Muslin Glass was produced in Europe until the 1930s. This French site is dedicated to Muslin Glass and has far more examples of ‘Mousseline Glass’
“Five divisions of skilled workmen are necessary to perform this operation. They are, roughers, emeriers, smoothers, white-wheelers and buffers or polishers. Different abrasives or polishing materials are used, including sand or carborundum, emery, sandstone, pumice, and rouge.”
1847 Chance Brothers Ornamental Glass Design Book
1851 Chance Brothers Crystal Palace Exhibition
1887 Chance Brothers Ornamental Glass Design Book
1904 Pilkington Bros. Embossed Glass Designs
1904 British Glass Merchant
The First Textured Window Glasses
Hartleys Patent: Table Rolled Glass
James Hartley was granted a patent in 1838 for producing glass made by casting the hot glass ‘metal’ onto an engraved surface and then rolling it from above. Hartley’s glassworks later became famous for ‘Hartley’s Patent Plate’, a rolled and textured roofing glass, but Hartley’s were also producing coloured rolled glass know as ‘Cathedral Glass’ for creating stained glass windows.
Cathedral Glass was originally a smooth rolled glass before ‘Rough’, ‘Ribbed’ and ‘Diamond’ embossed patterns were introduced. Later the term became common usage for describing any kind of rolled glass, including ‘figured glass’ sheets.
- Cathedral Glass is generally rolled sheet glass of a neutral tint used extensively in stained glass work.
- Patent Rolled Cathedral is a type of thin rolled plate, wavy on both sides and tinted and rolled.
- White Cathedral is of the same colour as ordinary glass without the lines.
- Sheet Cathedral is also tinted and used for the same purposes
- Sanded Sheet Cathedral has sand thrown upon its surface when hot so that it fuses in giving an appearance which is useful for artistic purposes.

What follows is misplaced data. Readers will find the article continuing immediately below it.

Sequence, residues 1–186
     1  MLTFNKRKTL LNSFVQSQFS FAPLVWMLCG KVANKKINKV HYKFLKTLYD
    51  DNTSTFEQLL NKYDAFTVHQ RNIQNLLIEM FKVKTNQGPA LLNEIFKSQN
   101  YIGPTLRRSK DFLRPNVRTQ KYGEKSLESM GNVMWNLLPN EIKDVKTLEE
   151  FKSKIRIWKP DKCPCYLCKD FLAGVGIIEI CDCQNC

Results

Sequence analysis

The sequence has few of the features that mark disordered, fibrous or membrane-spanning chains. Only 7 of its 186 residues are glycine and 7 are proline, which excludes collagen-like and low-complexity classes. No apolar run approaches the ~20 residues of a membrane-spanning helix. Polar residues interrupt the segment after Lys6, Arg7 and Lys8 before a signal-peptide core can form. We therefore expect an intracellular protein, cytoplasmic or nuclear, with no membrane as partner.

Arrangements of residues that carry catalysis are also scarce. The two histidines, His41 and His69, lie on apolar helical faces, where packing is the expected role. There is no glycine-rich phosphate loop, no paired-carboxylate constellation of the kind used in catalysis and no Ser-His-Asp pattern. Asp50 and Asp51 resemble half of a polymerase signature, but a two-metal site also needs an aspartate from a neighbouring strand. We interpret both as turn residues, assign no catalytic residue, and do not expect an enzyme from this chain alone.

- Hammered Cathedral Glass has a dimpled surface and is the most common form of American Cathedral Glass.
These Pilkington glass samples show just some of the Rolled Cathedral Tints. To see the full collection visit Glass Message Board Gallery. Thanks to Glassmessages.com for sharing these.
The colour is relative to thickness; If the same batch of coloured glass were to be cast into different thickness then each sheet would display a slightly different tinting.
Information Regarding The Glass Patterns
‘Diaper’ would now be a very unusual name to give to a decorative product. The Oxford dictionary gives the definition as “Greek dia for “cross” as in “diamond” or “diagonal”; and aspros, Greek for “white”. A white diamond or white cloth is used on the diagonal, hence the diagonal lattice or reticulation in patterning”.
c. 1855: “They are all glazed with diaper glass of a beautiful pattern, and surrounded with a pink tinted border, which obviates the necessity and saves the trouble and expense of blinds, rollers, and brackets.”
Current Glass Patterns
2020 Pilkington Oriel Collection – Etched Glazing.
“This exciting range of stunning, high-end decorative etched glass designs offer excellent light transmission with various levels of privacy. The range is available in a variety of contemporary and traditional designs, each with a modern opaque appearance.”
Please Note: Etched glass can become almost clear when wet.
Seraphic Glass: screen printed ceramic coatings
Barron Glass : Traditional Etched Glass Designs.
Available as cut to size or in sheets of 1120 x 2140 mm. Thicknesses: standard 4mm and safety glass (5 mm or 7mm laminate – we do not recommend that our glass be toughened). All patterns also available in a fully opaque version suitable for locations where complete privacy is required (laminate only). This glass can be supplied as double glazed units.
Our Related Articles
Reference Books & Sites
British Glass, 1800-1914 – Charles R. Hajdamach
Windows: History, Repair and Conservation – Michael Tutton